There is a lot here on racism, but it is not aimed at Ranec, the dark skinned traveler from the south. Ranec is seen more as a novelty and the randy human women want to make sure he is all man. He of course is willing to prove his manhood. Jondalar and Ayla fight, because he is ashamed of her upbringing. Ayla is a strong woman who is not going to deny her foster parents or take any crap about them. Ayla is driven to the arms of Ranec, which she can't help due to her upbringing. Clan women do not deny a man and his needs (the good old days).
This is not as good as the first two, but still worth your credit.
80 of 91 people found this review helpful
I listen to this audio books because it always gives me encouragement. Ayla faces adversity and always overcomes them, she never gives up!
5 of 5 people found this review helpful
This book seriously needed a good editor. The constant repetition of the same storyline over and over gets ridiculous!
I can understand a reminder or two from previous books, lots of authors do that, but this author spends a third of the book repeating the same details. I also really dislike that the storyline has spiraled downward from prehistorical fiction to poorly crafted romance novel. I hope this trend doesn't continue.
The narrator is horrible, she sounds like she is reading a child's fairytale book. (Think of a nursery school reading of Momma, Poppa, and Baby Bear's lines.) Her depiction of the voices of nearly everyone in the Lion camp is exactly the same, and all are overenthusiastic caricatures.
I liked Clan of the Cave Bear, and thought The Valley of the Horses had some good parts. This book, however, holds virtually no appeal. I gave it two out of five stars because you might get two hours of entertainment out of each five hours of listening.
I will give the fourth book a try because I'm stubborn about finishing things, but if it reads like this one I am done with this series.
7 of 8 people found this review helpful
I read these novels when they were first published, when I was working towards a BS in Biology. My faculty adviser recommended Book 1. I was young when I first picked up the books in this series, and loved the whole series. I had never read romance novels, so I guess I was naive. Revisiting the series 20 years later, I realize the constant sex scenes are repetitious in the phrases, settings, circumstances, and dialog to the point of being boring, akin to romance novels that fill voids with prurient content. The effort to make each novel "free-standing" is distracting and boring, and shows that the editors think that the reader is so stupid as to not remember, and hope they can make additional profits when the bookstore browser picks up a book in the middle of the series.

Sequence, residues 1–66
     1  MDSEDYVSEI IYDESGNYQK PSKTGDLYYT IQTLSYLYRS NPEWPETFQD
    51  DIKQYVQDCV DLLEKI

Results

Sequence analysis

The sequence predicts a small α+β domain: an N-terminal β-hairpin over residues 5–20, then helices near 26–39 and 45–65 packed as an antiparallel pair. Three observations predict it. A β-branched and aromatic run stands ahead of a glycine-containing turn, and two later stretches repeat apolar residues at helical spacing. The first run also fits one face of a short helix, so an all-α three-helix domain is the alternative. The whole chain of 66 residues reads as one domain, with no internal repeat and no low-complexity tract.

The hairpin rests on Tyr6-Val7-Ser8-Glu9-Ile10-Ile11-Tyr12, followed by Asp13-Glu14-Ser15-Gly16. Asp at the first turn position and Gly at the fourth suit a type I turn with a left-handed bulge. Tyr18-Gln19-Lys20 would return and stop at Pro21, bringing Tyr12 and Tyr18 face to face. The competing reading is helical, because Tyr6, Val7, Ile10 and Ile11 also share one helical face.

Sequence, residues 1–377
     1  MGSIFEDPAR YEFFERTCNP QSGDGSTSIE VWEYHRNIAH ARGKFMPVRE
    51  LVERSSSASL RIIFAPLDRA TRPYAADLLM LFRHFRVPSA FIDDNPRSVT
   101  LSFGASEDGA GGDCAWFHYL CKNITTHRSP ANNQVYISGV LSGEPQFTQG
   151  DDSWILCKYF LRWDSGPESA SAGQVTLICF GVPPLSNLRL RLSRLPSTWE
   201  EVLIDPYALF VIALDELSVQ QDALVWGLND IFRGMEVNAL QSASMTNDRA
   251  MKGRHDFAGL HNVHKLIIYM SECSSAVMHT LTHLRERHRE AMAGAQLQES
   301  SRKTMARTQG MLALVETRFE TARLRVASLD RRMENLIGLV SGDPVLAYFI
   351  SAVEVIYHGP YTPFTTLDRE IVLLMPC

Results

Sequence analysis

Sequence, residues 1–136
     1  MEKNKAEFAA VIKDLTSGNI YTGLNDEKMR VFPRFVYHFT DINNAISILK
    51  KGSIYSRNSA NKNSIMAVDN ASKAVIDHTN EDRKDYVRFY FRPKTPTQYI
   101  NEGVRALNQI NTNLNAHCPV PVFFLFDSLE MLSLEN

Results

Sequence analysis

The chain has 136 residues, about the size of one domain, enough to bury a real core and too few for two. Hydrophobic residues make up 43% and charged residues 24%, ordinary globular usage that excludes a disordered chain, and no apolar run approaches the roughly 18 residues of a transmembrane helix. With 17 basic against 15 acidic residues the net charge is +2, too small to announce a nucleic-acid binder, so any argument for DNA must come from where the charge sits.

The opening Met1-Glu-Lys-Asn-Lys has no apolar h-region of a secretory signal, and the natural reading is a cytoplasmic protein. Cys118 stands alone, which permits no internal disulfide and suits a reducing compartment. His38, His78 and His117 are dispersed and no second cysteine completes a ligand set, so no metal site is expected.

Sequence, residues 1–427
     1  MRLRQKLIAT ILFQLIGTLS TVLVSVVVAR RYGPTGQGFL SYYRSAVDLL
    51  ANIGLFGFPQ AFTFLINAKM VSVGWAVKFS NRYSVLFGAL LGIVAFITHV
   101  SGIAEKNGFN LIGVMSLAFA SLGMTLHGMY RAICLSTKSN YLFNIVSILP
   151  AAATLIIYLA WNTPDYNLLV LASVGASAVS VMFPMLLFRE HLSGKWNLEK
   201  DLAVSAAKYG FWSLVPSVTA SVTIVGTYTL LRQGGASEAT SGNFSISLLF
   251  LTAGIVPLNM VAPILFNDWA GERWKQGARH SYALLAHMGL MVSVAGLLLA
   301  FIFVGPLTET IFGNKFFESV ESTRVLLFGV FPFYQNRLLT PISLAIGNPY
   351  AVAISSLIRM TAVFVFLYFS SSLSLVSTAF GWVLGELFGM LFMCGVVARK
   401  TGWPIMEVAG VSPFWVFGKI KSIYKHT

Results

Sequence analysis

Ms. Auel has produced a great work of historical fiction for an era rarely tackled, except in approximation in fantasy novels. I'm sorry she chose to switch genres from historical fiction to romance novel with gratuitous sex and endless reprise.
25 of 31 people found this review helpful
What would have made The Mammoth Hunters better?
I should have payed attention to the other reviews.<br/>This one is a return.
Would you ever listen to anything by Jean M. Auel again?
Yes, this one was a bomb.<br/>
Would you listen to another book narrated by Sandra Burr?
Yes, I like her work.
What reaction did this book spark in you? Anger, sadness, disappointment?
A waste of time
Any additional comments?
6 of 7 people found this review helpful
The constant revisiting of the love triangle inner conflicts along with the gratuitous sex scenes that are tedious and tiresome do not contribute to the tapestry of a story artistically told within this series and made this book much longer than necessary. Once the contrast between the brutality of Broud and the evolved others right of passage for young women was established, this aspect of this story was really unnecessary. In the book it was easy enough to page past it but in the audible version it was not as simply passed by.
5 of 6 people found this review helpful
it would be a much better story without the constant relationship insecurities betwen ayla and jondalar.
2 of 2 people found this review helpful
Very frustrating and unnecessarily long. Could have been much better. But the series has a strange fascination with all the Ice Age cultural detail.
5 of 6 people found this review helpful
This book has alot of fasanating historic information and some fun and entertaining adventures. Unfortunately it is hard to stay focused with all of the explanations of oral sex and giant memberss that only one chosen by the cave lion could fully handle. The charactors become riduiculouslsy stupid in the ways of the heart and communication, and the author uses this to write endlessly of inter-racial sex, general bone-headed main charactors, and rexplaning everything from books 1 & 2. This is where I stop listening to these books. I have an internet full of porn if I want sex, sex, sex. I was really enjoying the first books, but this is just silly.
19 of 25 people found this review helpful